transactions

  • Seatrade International Co., Inc.
  • Stock sale to American Holdco, Inc.
  • National Dentex Corporation
  • Public company merger with GeoDigm Corporation
  • The Hoffman Companies
  • Financing and purchase of 60 Temple Place, Boston, MA

Health Care Reform Update

Ruselle Robinson

Health Care Reform Update

Implementation deadlines continue to be pushed back for health care reform employer mandates, largely at the request of the business community. Employer mandates include the Fair Share Contribution, the Section 125 cafeteria plan requirement, the so-called Free Rider Surcharge, the Health Insurance Responsibility Disclosure filing and the Non-Discrimination requirement for employer paid health insurance premiums.

Fair Share Contribution

114.5 CMR 16.00: Determination of Employer Fair Share Contribution became effective October 1, 2006. This regulation, promulgated by the Division of Health Care Finance and Policy, sets out the factors for determining whether an employer is making a fair and reasonable premium contribution to the health insurance cost of its employees.  Employers with 11 or more full-time equivalent employees (as defined in the regulation) are subject to the Fair Share Contribution requirement. The definition of Full Time Employee excludes independent  contractors, seasonal and temporary workers. “Full Time” means at least 35 hours per week. Employers that are not exempt from the Fair Share Contribution requirement must pay annually up to $295 per employee to the Division of Unemployment Assistance.

Two tests are used to determine whether an employer is exempt from the Fair Share Contribution. The primary test requires an employer to enroll at least 25% of eligible full-time employees in the employer’s group health plan.

Employer contributions to the premium cost of the group health plan are not required under the primary test. 

If an employer offers a group health plan, but does not meet the 25% enrollment standard, it can still be exempt  from the Fair Share Contribution under the secondary test if it offers to pay at least 33% of the premium cost of the group health plan.

Section 125 “Cafeteria” Plan

Effective July 1, 2007 (delayed from January 1, 2007), every Massachusetts employer with more than 10  employees is required adopt a cafeteria benefits plan that complies with 26 U.S.C. 125. The term “employee” includes all employees, not just full-time equivalents. The purpose of the Section 125 plan is to allow employees to pay health insurance premiums with pre-tax dollars. 

After adoption, the Section 125 plan must be filed with the Commonwealth Health Insurance Connector by July 1, 2007. The Connector is required to adopt regulations giving guidance on the Section 125 filings, but has failed to do so, choosing to focus for the moment on reviewing and approving affordable group health plans.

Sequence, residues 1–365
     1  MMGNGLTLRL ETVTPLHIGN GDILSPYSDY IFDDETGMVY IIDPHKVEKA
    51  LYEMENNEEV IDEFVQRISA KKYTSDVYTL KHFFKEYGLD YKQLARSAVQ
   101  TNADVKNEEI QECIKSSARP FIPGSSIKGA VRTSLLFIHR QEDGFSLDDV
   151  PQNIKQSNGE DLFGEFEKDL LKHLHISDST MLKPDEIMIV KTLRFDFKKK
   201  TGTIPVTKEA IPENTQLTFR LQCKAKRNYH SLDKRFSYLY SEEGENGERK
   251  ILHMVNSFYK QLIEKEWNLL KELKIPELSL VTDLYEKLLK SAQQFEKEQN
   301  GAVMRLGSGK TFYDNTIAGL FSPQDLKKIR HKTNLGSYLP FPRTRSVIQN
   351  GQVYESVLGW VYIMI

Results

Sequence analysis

The definition of “employer” excludes sole proprietorships, nonprofit entities staffed exclusively by volunteers,  and certain small landlords with employees that do maintenance, construction or repair work on the landlord’s grounds or buildings. 

Employer Surcharge for State-Funded Health Costs

Effective July 1, 2007 (delayed twice from an original effective date of October 1, 2006), every employer  without a Section 125 Cafeteria Plan will be subject to a surcharge for state-funded health costs (the so-called “free-rider” surcharge) if the state pays health care costs above a certain level for uninsured employees of the employer.

Employers with Section 125 cafeteria plans on file with the Connector will be exempt from the free-rider  surcharge.

The Division of Health Care Finance and Policy will release regulations implementing this requirement to public comment in the spring.

Health Insurance Responsibility Disclosure

Effective July 1, 2007 (also delayed twice from an original effective date of October 1, 2006), every employer with 10 or more employees will be required to file annually a Health Insurance Responsibility Disclosure (“HIRD”) form with the Division of Health Care Finance and Policy. The HIRD form will require, at a minimum, information about the employer, the number of employees, the employer's group health plan (if any), and whether the employer has a Section 125 cafeteria plan.

Employees who decline to enroll in an employer sponsored group health plan will be required to file an employee HIRD form reporting that he/she declined to enroll in the employer’s health plan. The employee HIRD form must also be filed annually.

The Division of Health Care Finance and Policy will release regulations implementing this requirement to public comment in the spring.

Non-Discrimination

Effective July 1, 2007, insurers in the Commonwealth offering blanket or group health insurance plans may only sell to employers if the insurance is offered to all full-time employees. Employers must offer to cover the same premium percentage for each employee, allowing, however, greater contribution percentages for lower paid employees and separate percentages for employees with collective bargaining agreements.

If you have any questions about the application of this news to your organization's particular situation, please contact:

Ruselle W. Robinson

Client Advisory is provided for information purposes only, and does not constitute legal advice. According to Mass. SJC Rule 3:07, this material may be considered advertising. ©2007 Posternak Blankstein & Lund LLP. All rights reserved. 

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